Come on, come on. That frantic thought is sculpted into the crowd’s poses and expressions. Some are sitting, but most pace awkwardly.
Far off, they hear the train rumbling. Visible relief flashes from face to face.
It’s an awkward two-minute ride. No eye contact, rocking back and forth, biting fingernails. Come on!
The doors open and people lurch forth, loping crab-like with thighs clenched, men out the right side, women out the left. A moment later, a hundred stall doors slam. A long, protracted sigh.
“They should put these in houses,” someone says.
“Gross! What is this, the Dark Ages?”
*hwajangshil (화장실) is the Korean word for bathroom. This story does not take place in Korea. You can only imagine the sort of world where it does take place.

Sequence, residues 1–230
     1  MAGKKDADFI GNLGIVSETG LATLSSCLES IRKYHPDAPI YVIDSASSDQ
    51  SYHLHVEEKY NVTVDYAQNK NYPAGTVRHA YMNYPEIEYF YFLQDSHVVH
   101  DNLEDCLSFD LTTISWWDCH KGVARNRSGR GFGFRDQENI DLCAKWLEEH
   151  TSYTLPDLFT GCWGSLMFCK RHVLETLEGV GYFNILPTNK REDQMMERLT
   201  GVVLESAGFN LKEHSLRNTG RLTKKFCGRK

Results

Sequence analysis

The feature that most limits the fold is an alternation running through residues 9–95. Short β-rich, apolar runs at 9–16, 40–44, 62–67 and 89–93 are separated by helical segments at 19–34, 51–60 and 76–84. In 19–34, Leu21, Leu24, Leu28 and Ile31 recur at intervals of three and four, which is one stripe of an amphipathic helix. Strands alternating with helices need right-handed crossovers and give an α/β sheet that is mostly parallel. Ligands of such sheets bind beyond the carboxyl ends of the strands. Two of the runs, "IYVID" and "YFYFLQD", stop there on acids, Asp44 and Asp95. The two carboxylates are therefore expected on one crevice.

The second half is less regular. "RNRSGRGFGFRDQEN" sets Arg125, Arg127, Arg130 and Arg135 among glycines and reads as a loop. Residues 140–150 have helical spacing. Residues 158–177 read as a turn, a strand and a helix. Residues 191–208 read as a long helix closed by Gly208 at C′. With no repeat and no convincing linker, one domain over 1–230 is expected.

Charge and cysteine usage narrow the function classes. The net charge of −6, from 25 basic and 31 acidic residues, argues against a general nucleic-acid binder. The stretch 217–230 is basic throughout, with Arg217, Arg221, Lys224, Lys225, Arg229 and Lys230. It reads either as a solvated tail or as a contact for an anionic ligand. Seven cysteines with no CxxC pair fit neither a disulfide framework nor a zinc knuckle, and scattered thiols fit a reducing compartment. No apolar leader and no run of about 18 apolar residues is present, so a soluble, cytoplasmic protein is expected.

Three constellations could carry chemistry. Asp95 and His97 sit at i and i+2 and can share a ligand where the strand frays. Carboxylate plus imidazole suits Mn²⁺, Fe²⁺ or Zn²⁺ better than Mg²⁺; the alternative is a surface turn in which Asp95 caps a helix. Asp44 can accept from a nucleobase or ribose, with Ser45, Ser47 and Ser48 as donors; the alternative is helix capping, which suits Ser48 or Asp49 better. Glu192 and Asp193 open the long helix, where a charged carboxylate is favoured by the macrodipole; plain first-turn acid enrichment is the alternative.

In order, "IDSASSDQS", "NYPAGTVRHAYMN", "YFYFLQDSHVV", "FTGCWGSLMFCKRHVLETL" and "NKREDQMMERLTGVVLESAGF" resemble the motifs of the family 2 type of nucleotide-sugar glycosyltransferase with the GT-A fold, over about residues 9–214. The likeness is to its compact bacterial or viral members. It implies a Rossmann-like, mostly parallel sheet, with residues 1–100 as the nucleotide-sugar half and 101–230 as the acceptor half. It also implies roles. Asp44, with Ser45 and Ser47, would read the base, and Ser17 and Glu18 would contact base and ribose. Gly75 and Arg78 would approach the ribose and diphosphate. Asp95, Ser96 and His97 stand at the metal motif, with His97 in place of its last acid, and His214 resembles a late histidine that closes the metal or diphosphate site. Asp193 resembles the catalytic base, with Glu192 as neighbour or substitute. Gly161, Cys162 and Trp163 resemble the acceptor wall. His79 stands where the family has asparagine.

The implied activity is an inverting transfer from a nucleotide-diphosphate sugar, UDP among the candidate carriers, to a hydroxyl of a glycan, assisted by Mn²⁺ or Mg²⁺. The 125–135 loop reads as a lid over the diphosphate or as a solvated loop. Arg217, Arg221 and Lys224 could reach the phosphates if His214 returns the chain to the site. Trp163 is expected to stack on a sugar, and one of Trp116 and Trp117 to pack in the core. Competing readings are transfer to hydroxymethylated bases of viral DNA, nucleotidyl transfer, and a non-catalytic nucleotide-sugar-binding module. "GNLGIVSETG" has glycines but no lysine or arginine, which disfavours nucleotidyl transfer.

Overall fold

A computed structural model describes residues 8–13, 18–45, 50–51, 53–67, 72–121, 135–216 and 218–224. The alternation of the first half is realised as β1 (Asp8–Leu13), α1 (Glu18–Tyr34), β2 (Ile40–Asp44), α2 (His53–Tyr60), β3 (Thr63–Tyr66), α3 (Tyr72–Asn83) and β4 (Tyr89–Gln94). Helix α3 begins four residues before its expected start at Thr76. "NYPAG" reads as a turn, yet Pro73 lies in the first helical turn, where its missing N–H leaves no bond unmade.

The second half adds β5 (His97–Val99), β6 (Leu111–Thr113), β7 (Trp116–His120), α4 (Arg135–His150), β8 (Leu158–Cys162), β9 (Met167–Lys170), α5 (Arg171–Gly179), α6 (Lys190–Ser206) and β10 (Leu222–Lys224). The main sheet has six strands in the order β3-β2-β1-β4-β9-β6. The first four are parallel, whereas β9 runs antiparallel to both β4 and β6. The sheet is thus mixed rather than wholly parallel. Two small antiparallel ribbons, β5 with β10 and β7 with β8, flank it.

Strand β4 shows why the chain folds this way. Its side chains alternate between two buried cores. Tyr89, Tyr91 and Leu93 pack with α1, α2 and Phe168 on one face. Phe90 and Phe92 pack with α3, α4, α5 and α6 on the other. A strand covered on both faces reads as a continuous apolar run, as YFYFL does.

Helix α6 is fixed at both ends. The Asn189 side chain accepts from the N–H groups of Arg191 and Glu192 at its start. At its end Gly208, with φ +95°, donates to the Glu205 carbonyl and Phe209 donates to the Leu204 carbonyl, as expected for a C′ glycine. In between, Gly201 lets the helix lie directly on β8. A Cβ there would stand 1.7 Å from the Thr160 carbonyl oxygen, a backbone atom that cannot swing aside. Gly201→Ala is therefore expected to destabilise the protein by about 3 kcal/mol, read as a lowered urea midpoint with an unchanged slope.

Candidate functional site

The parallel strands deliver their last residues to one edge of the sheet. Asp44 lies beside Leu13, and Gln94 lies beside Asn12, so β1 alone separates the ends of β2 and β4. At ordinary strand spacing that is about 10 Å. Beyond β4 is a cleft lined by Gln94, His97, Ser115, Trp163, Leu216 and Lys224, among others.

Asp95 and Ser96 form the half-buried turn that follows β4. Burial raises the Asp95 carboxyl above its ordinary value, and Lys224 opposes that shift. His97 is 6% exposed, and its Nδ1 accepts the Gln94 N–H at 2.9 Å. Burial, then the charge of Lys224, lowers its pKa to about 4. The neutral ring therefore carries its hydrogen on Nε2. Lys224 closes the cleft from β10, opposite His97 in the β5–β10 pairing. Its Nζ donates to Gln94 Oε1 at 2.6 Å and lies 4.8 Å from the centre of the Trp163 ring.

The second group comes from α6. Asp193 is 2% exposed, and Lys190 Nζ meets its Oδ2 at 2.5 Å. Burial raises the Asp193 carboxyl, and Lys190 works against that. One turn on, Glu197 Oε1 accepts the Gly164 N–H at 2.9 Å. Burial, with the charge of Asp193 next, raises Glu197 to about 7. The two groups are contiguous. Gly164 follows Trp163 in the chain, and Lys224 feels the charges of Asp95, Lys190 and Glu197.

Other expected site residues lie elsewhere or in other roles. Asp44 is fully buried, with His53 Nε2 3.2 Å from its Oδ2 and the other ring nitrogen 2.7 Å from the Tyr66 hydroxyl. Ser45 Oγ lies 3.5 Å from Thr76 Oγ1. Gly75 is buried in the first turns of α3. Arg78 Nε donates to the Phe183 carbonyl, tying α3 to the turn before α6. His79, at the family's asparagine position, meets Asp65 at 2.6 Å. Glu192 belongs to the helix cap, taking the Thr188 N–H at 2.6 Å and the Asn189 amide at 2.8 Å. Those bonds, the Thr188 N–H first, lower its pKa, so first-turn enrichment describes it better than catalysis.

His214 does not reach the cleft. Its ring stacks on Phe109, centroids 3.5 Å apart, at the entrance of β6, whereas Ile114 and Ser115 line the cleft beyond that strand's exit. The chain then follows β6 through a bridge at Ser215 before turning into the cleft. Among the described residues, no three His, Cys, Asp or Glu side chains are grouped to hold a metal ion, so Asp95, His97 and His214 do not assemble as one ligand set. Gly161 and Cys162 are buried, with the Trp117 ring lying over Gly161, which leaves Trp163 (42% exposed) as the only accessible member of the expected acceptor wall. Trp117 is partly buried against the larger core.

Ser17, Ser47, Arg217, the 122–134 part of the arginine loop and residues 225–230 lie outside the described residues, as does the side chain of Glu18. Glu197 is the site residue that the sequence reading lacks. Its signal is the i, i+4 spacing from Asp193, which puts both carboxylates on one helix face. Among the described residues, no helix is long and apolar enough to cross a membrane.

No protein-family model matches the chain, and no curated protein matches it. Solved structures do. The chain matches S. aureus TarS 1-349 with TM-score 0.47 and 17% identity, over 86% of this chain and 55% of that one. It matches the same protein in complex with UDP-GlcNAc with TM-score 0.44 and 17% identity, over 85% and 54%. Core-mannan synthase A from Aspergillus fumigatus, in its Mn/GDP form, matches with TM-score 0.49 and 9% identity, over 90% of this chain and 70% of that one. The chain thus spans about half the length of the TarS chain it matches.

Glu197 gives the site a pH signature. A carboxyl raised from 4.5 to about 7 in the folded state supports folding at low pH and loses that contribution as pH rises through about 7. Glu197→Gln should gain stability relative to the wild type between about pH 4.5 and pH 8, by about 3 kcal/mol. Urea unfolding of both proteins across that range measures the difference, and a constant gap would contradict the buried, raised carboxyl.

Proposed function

copyright Jennifer Pendergast
Big Dumb Snakes
Thirty years ago we released the trains—flipped the switch (God speed!) and forgot about them. They trundled mutely across the country, delivering freight with perfect timing. Cheap too—computers don’t want to get rich.
Then the mistakes started. The book Tammy ordered arrives—along with chemo meds she desperately needs but can’t afford. The company shrugs: “Shipping error; we can’t take them back.”
An engine comes in the mail, unordered. A week later Andrew’s dies. It would’ve cost his monthly salary.
“To err is human but to really screw up . . .” people say, laughing. “Big dumb snakes.”
copyright Renee Heath
I haven’t returned to Tecumseh, Michigan since. That hydrant and its sour-sick memories still haunt me: the night 16-year-old me staggered home from partying and crossed the abandoned tracks.
The sudden rush of a steam engine. The scream of a whistle. Hot, sooty wind.
I cowered behind the hydrant—felt it suddenly twist and grasp at me with steely arms. All I could do was scream.
The police found me, jeans wet and hysterical. No one believed me. “Been drinking?” they asked.
I became “that kid”, the one who pissed himself over ghosts.
Sometimes all you can do is leave.